Iron is essential for the growth of some microbes and sequestration of iron in the form of insoluble compounds, such as lactoferrin and haemosiderin, is thought to be part of the host defence against bacterial and viral infections [15]. However, a decrease in erythropoiesis may also reflect a relative deficit of erythropoiesis in the face of an increased demand to produce neutrophil granulocytes and other immunocompetent cells.

Serum CRP predicts epoetin resistance

CRP is secreted by the liver and inflammation causes a rapid increase in its serum concentration. It plays a role in host defence by interacting with complement. Compared to measurements of other markers of inflammation and the acute‐phase reaction, serum CRP has several advantages. It is a simple, reliable, readily available and inexpensive test. It is also a long‐term predictor of cardiovascular risk and mortality in the general population and in chronic renal failure patients [6]. About one‐third of patients with chronic renal failure have serum CRP concentrations >10 mg/l [16]. In dialysis patients, high CRP levels are associated with low Hb levels and/or epoetin resistance [1618]. Other acute‐phase proteins that have been shown to correlate to epoetin resistance in dialysis patients are albumin [18] and fibrinogen [19]. Although there is a relationship between the degree of systemic inflammation and epoetin resistance, in the presence of chronic inflammation the effect is highly variable between patients and variable over time in individual patients.

Treatment with epoetin and iron in patients with inflammation

On average, the required epoetin dose to maintain a certain Hb level may be increased by 30–70% in dialysis patients with serum CRP >20 mg/l as compared to those with a lower CRP concentration ([17], and unpublished data from the European Survey of Management of Anaemia). In patients with an acute intercurrent illness and in those who undergo surgery, the current recommendation is to continue epoetin treatment [1]. Hb concentrations may decrease to critically low levels if epoetin is discontinued. When the degree of systemic inflammation is severe, the response to epoetin may be totally blunted and blood transfusion may be needed.

The use of parenteral iron in patients with inflammation is controversial. The potential risks of iron excess have been extensively discussed, but available data are inconclusive [20,21]. It is recommended that intravenous iron should be discontinued in patients with bacteraemia because iron may promote bacterial growth [1]. In patients with systemic inflammation of other aetiology, who often have functional iron deficiency, it has been suggested that repeated continuous administration of low doses may be safe and effective [20,21]. This approach may be more effective than loading with higher doses, since the effect of intravenous iron on transferrin saturation is only transient in such patients [22].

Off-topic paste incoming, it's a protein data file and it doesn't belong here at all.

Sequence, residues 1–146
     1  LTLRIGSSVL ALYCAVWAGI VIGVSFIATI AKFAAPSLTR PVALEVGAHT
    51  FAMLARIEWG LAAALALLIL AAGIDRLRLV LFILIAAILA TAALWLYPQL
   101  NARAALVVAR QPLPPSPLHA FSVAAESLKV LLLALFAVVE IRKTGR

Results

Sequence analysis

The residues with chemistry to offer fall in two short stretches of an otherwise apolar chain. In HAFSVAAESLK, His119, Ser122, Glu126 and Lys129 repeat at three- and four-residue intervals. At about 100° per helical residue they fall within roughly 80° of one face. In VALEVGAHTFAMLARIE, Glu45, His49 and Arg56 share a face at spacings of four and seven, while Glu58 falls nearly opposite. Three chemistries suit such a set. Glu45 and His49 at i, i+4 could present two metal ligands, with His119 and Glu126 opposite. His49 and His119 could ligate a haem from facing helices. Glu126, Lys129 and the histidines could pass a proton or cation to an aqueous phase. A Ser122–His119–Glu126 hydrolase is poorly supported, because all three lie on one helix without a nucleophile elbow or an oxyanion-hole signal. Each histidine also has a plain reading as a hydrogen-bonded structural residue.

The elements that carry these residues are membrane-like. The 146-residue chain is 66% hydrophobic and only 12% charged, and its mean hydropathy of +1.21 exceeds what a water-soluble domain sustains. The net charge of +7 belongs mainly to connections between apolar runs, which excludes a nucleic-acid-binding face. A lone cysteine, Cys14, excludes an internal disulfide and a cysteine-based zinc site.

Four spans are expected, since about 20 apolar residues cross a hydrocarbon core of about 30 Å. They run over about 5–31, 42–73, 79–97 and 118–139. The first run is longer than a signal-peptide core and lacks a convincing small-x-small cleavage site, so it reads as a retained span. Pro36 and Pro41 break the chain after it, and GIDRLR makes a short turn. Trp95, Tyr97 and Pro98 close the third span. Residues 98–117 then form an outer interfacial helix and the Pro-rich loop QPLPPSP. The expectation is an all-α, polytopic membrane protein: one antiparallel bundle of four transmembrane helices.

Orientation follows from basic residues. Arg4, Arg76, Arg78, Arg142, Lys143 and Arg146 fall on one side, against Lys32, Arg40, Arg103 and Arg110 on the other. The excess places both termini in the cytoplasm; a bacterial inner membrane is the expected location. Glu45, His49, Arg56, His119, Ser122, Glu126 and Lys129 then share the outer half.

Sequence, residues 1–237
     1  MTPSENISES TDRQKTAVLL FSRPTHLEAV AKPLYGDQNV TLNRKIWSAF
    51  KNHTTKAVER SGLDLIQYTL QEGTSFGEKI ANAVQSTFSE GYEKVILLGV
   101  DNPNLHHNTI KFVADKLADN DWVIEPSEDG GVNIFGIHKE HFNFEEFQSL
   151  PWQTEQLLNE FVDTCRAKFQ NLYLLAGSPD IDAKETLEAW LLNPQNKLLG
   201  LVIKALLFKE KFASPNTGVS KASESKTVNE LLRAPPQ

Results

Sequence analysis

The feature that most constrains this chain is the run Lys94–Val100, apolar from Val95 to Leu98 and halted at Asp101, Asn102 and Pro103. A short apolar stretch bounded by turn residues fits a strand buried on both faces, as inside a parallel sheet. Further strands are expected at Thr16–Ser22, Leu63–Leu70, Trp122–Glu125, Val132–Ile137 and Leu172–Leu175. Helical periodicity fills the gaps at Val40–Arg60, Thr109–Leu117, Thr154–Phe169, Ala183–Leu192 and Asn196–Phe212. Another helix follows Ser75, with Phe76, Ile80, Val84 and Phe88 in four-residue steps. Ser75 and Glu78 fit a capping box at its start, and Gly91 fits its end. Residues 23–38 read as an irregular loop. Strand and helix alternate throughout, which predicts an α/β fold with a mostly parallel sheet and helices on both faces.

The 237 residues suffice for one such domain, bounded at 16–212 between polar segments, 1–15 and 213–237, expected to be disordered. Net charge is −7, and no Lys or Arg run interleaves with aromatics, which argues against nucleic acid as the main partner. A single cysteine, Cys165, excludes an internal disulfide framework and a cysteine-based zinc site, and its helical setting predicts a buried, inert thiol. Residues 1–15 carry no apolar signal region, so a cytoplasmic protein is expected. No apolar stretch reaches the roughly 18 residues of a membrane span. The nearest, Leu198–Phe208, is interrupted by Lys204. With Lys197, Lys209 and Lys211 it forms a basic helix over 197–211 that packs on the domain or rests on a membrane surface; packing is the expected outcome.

Future aspects and conclusions

It is obvious that controlled trials are necessary before evidence‐based recommendations can be given for the management of inflammation‐induced epoetin resistance. The risks and benefits of intravenous iron and the effects of various iron dosage schedules warrant further careful evaluation in prospective studies. In patients with acute intercurrent illness or surgery, it would be of interest to compare different epoetin regimens. Mimicking of the normal secretion of erythropoietin after surgery by transiently increasing the epoetin dose for 4–10 days seems theoretically attractive.

In conclusion, in patients with chronic renal failure, inflammation is associated with a relative resistance to epoetin. In most patients with mild to moderate inflammation it can be overcome by increasing the dose. So far, serial measurements of serum CRP are the best way to monitor the acute‐phase response in clinical practice. In the future, novel inflammatory markers such as procalcitonin and neopterin may give more specific information. The inflammation‐induced low concentration of iron contributes to epoetin hyporesponsiveness. Intravenous iron in combination with epoetin increases erythropoiesis, but the optimal management of anaemia in chronic renal failure patients with inflammation has not yet been determined.